Credit: Rex

Deputy Culture Editor - Theatre

Windy wee Dundee is not the birthplace of many great actors, especially before its cultural explosion in the past two decades (if not for Hull it may have been the 2017 UK City of Culture!) Yet it is the birthplace of at least one of Scotland’s greatest actors: Brian Cox. A tough upbringing seems to be the anvil upon which many Scottish greats are hammered into form. Alongside Cox, Sean Connery and James McAvoy represent underprivileged successes from Edinburgh and Glasgow, all carving themselves a name in international fame, the Carnegie effect if you will. 

Born in 1946, Cox’s father died when he was only eight years old and his mother suffered from extremely poor mental health, thus he was raised by his four older sisters, until he left to become an actor at the Dundee Repertory Theatre aged 14. Cox’s skills and reputation as an actor were really forged in the theatre, long before he ever stood in front of a camera. He led in Peer Gynt and As You Like It in the Edinburgh Lyceum Company but really made waves with his historic performance as King Lear at the National Theatre, propelling Cox to a level of stardom that made major TV/Film roles possible. Despite his success as King Lear, he is quoted as saying his eponymous role in Titus Andronicus was “the greatest stage performance I’ve ever given.” He continues to work with the Royal Shakespeare Company and is a patron of the Scottish Youth Theatre. He was also elected as rector of the University of Dundee in 2010, so unfortunately he probably wouldn’t accept a nomination to be our rector this year!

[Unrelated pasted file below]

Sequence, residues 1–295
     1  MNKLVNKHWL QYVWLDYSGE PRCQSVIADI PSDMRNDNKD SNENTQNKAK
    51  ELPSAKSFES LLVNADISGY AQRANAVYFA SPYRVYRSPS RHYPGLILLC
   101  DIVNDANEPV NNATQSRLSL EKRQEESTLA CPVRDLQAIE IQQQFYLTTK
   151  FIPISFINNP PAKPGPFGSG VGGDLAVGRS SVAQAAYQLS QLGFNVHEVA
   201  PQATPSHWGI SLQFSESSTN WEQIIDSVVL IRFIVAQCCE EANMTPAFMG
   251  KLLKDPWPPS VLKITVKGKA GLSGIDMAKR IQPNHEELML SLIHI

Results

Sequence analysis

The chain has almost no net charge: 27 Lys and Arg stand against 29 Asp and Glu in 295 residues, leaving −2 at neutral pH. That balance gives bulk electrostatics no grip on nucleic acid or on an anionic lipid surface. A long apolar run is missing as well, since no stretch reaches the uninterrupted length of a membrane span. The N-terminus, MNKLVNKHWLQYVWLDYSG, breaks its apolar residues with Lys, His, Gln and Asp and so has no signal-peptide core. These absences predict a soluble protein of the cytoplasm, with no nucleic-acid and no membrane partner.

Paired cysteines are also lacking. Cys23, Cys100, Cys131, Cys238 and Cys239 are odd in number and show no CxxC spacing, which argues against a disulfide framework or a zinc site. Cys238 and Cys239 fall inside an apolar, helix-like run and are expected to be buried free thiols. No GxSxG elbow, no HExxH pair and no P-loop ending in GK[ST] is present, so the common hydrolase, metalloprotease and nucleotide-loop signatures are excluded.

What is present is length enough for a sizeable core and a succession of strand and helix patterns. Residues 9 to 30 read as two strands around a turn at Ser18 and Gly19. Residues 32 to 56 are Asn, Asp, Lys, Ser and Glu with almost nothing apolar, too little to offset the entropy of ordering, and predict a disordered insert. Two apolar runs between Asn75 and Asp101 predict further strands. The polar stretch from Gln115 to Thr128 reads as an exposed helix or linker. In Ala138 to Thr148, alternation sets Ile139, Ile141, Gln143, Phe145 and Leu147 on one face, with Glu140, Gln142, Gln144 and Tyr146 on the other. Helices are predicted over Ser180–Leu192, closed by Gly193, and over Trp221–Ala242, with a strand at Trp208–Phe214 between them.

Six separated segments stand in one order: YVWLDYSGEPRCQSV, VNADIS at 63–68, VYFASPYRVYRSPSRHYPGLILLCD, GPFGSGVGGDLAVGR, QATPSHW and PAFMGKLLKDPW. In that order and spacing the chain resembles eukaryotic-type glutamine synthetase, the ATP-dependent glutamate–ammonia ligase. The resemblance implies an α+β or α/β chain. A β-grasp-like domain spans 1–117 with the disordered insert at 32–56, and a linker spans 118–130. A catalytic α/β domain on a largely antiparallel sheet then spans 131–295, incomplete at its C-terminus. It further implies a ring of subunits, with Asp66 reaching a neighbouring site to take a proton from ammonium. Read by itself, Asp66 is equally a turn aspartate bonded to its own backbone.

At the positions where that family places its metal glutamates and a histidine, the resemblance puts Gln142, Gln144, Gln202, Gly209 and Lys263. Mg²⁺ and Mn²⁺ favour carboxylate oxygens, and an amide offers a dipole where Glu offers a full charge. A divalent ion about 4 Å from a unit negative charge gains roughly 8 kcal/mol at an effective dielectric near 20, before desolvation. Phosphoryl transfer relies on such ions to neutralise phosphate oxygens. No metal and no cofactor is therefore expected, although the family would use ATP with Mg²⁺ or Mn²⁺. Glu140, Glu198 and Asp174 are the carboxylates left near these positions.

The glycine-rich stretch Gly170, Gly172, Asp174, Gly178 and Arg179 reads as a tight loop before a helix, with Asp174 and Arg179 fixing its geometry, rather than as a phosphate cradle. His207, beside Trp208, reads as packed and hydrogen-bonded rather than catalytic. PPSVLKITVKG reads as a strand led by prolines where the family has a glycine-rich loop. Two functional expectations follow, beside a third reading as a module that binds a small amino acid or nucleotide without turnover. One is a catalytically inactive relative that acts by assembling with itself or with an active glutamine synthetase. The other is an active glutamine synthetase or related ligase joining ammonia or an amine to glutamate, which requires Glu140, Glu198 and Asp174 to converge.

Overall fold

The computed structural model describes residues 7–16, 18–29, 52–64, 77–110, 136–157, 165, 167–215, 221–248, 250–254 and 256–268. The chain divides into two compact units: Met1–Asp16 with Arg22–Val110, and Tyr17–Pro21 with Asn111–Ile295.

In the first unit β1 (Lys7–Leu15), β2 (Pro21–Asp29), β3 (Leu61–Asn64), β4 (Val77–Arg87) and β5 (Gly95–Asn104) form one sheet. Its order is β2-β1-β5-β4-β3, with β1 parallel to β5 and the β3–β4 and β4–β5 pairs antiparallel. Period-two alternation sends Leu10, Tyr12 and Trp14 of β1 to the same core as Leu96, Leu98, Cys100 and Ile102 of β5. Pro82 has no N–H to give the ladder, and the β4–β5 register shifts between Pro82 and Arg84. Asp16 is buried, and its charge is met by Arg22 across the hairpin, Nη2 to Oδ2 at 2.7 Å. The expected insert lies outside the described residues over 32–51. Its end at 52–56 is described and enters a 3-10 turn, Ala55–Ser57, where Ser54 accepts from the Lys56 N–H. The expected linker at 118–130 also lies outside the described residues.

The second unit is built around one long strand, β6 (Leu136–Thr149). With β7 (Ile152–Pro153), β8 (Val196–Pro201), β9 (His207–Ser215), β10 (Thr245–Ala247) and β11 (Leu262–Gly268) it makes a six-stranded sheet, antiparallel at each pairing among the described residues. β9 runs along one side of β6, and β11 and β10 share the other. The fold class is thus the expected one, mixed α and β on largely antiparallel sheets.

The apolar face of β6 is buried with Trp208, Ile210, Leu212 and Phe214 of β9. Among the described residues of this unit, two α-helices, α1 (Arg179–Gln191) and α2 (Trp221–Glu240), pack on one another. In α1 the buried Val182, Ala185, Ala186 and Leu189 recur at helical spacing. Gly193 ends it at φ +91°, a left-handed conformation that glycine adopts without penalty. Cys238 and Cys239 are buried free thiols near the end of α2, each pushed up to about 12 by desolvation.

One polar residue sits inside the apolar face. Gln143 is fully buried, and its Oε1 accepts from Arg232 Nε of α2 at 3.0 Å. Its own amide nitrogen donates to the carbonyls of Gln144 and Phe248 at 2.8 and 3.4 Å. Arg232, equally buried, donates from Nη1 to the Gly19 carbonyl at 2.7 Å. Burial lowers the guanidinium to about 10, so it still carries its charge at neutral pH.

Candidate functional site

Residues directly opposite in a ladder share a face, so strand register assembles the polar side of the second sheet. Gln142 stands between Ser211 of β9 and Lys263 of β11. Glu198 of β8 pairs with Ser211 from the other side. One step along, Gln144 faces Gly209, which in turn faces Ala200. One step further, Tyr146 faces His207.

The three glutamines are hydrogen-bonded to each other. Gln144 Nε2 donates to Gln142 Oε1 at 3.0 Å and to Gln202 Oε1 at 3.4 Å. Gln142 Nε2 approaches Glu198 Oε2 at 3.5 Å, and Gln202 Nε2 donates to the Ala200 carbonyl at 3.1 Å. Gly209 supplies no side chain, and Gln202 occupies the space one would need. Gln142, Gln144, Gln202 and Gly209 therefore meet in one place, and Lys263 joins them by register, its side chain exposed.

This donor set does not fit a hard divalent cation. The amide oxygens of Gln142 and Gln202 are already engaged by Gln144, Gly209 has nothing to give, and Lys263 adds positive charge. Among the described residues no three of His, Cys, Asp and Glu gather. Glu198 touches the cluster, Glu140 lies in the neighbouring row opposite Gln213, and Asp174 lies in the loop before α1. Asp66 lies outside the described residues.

He is as powerful on screen as he is on stage. Thomas Harris’ Hannibal Lecter character got his first dramatisation by Cox in Manhunter (1986); the word “eerie” could certainly be used to define his portrayal of the cannibal doctor. Since his first tentative steps into Hollywood glory, we will remember him from films like Braveheart, Troy, and The Escapist. He won an Emmy in 2000 for his portrayal of Herman Göring in Nuremberg, a performance so chilling as to give an insight into a mind of unimaginable cruelty. This cemented Cox’s reputation as a portrayer of villains, truly the most difficult and multifaceted characters to depict. More recently he has won a Golden Globe for best TV drama actor in Succession in which he stars as a Rupert Murdoch-esque patriarch of a media dynasty. The character he plays also has humble roots in Dundee, so perhaps Cox is coming full circle, though maybe without the avaricious corporatism.

At 73-years-old, Cox is youthful in comparison to many of the Hollywood ancients still on our screens and Netflix features, so his win at the Golden Globes could certainly spell a new wave of major roles for him. Seeing one of our own, an actor of such subtlety and gravitas, rise further in prominence would bring recognition and prestige to Scotland’s already outstanding arts scene.

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